If you make yourself important in your dogs life, then it won't run away. I have taken foster dogs that are 'runners' and they don't run. Why? Because I make myself important and teach them boundaries. We don't have fences on my property. The dogs could all run if they chose. They don't.

Train your dog not to run away and it won't.

Teach your dog that it gets a reward when it recalls and it will come back when you call.

Show your dog that you are important and that they should cherish every moment with you and they will never want to leave your side.

Training Tools - Gentle Leader

Ok, so let's look at the Gentle Leader. This device is often used by people trying to teach their dogs to walk beside them. Honestly, I don't think this device is necessary to use while training your dog.

Usually it is used by people who are so busy trying to get to the destination, they are forgetting about the journey. Here's the thing. Big or Small, you can teach your dog to walk beside you. You don't need a fancy head collar.

I know a lot of people talk about how they have to use it for the big dogs because the dog is "SO" much stronger than they are. Uh ... hello? I'm a pretty small person and I have trained some pretty big, pully, scary dogs. When the dog out-weighs you, you need to figure out a better way to train them that DOESN'T involve physical "persuasion".

The thing is that you spend time teaching them how to walk properly on a leash so that by the time you are ready to walk further, then they know what they are doing. You don't need to take your dog to the park in the first two weeks you own it! You don't need to walk it a million miles in the first month if you are spending lots of time (like 15 - 30 minutes every hour you are home) training him or her. Why? Because if you are spending that much time actively training, then your dog won't be bored, will he?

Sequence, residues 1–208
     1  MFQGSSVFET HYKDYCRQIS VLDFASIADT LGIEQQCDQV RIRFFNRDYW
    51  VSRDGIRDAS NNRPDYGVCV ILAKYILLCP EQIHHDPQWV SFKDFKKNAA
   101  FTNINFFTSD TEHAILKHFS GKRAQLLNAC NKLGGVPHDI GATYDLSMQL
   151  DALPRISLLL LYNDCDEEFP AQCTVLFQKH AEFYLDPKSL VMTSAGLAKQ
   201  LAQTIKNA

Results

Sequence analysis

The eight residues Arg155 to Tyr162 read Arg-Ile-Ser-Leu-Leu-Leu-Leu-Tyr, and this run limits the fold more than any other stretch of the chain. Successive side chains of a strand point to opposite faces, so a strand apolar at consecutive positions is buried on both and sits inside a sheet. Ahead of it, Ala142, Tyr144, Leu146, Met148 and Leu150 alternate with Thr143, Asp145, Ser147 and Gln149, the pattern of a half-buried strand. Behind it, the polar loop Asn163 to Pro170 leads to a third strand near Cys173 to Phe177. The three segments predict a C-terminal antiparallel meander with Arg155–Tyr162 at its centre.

Did you know that I watch a total of 3 hours of TV per week? I have two shows that I watch (after dark) and THAT'S IT! The rest of the time I am outside with my dogs, working around the farm, training the other animals, or spending quality time with my hubby. If you keep your dog stimulated and teach him that he wants to be with you, then why would he ever try to run away when you're walking him?

One of my mantras that I use regularly is - A Tired Dog is a Good Dog. Well did you know that mental fatigue is more tiring than physical fatigue??

Here's an article about the "Not So Gentle Leader"

Here's a bit about Gentle Leader causing sores on the nose and hair loss

A few more on Sores and Hair Loss caused by the Gentle Leader

There are many other articles, stories, and instances of people whose dogs end up with sores on their faces after using the Gentle Leader. The sores can occur for a few reasons but the most common is that the device is not properly fitted to the dog. Sometimes people buy one for their 6 month old pup and the dog grows ... the device stays the same.

When I worked at the vet clinic there were many people who came in with dogs with nose sores from the Gentle Leader. Sometimes we could treat the wounds. Sometimes it was permanent. It was very sad when the owner of a 10 month large breed dog was told that their dog would probably have the bald spots for ever ... some would be grief stricken (not to mention guilt ridden!) ... others would opt to euthanize their dogs. All for the sake of a bit of training ...

Always remember - A Tired Dog is a Good Dog.

Have you used the Gentle Leader? What was your experience with it?

Friday, October 17, 2008

Featured Rescue - Edwin the Labrador Retriever

Building off my comment on the last post regarding Breeding, I thought I would feature one of the 20,075 Labrador Retriever dogs looking for homes that are listed on!

This is Edwin, an 8 week old Chocolate Lab mix pup who is up for adoption from a shelter in New York. Edwin came in with 10 brothers and sisters (he's the 11th) when their owner decided that they weren't wanted anymore.

Thursday, October 16, 2008

Breeding - Good or Bad?

The question of breeding was posed to me this week when someone I know came up to me and asked why I seem to go back and forth on breeding. Why sometimes I think breeding is bad, and sometimes I think breeding is good?

That's a pretty big (and vague!) question. Breeding in and of itself is neither good or bad. It is the application or execution of such an action that dictates its intent and its polarization (good vs. bad).